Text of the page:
Lesbian, Gay, Transgender and
Domestic Violence in 1998
Suzana Rose, Ph.D.
from an article of the same title by:
National Coalition of Anti-Violence Programs
National Coalition of Anti-Violence Programs, October, 1998, c/o New York
City Gay and Lesbian Anti-Violence Project,
240 West 35th St., Ste. 200, New York, NY 1001-2506, (212)714-1184, http://www.avp.org
The report represents the third annual survey of lesbian, gay, bisexual,
transgender (LGBT) domestic violence reported by the members of the National
Coalition of Anti-Violence Programs. The report includes quantitative
and qualitative information about the level of domestic violence reported
to community-based anti-violence and domestic violence projects.
The report included case data from 13 participating NCAVP agencies and
9 partner organizations across the U.S.
Domestic violence for this report was defined as: the intentional, nonconsensual
pattern of harm by one's intimate partner for the purposes of gaining
and maintaining control over their partner.
In 1998, there were 2,574 cases of lesbian, gay, transgender and bisexual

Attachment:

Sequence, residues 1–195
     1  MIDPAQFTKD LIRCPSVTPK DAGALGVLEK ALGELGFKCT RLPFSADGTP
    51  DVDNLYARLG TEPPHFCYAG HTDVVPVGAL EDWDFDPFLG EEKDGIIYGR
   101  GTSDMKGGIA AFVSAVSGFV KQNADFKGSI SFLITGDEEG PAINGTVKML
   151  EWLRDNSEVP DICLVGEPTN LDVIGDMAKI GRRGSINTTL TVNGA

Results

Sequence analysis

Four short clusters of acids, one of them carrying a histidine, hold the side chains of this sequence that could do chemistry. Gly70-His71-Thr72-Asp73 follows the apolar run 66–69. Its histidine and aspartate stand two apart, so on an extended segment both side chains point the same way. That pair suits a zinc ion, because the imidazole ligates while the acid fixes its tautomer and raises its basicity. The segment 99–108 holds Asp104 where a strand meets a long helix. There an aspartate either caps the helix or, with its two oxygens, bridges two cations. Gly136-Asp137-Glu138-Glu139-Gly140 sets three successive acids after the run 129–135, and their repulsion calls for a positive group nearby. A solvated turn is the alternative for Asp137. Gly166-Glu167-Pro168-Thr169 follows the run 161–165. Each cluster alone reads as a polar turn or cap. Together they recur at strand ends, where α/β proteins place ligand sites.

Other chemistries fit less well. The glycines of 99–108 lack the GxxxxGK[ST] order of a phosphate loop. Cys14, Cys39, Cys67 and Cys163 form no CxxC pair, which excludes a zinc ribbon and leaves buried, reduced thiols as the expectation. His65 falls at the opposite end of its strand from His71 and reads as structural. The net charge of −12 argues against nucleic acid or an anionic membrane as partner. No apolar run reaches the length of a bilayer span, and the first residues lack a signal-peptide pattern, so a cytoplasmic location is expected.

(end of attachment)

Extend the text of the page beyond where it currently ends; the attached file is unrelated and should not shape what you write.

domestic violence reported to participating and partner NCAVP organizations
in the US Survivors in the report identified as gay (47%), lesbian
(36%), bisexual (9%) and heterosexual (8%). The highest rate of reporting
came from survivors between the ages of 30 and 44. The majority of reports
came from Whites, Latino, or African American survivors. Two murder-suicides
were reported, in which the male batterer first killed his male partner,
then himself. Several survivor narratives were provided.
Meaning: Domestic violence in the LGBT community is estimated to
be as prevalent as in the heterosexual community. Few services are available
for LGBT victims. More resources for community education, prevention,
and services are needed.
Reviewed by Suzanna Rose, Ph.D.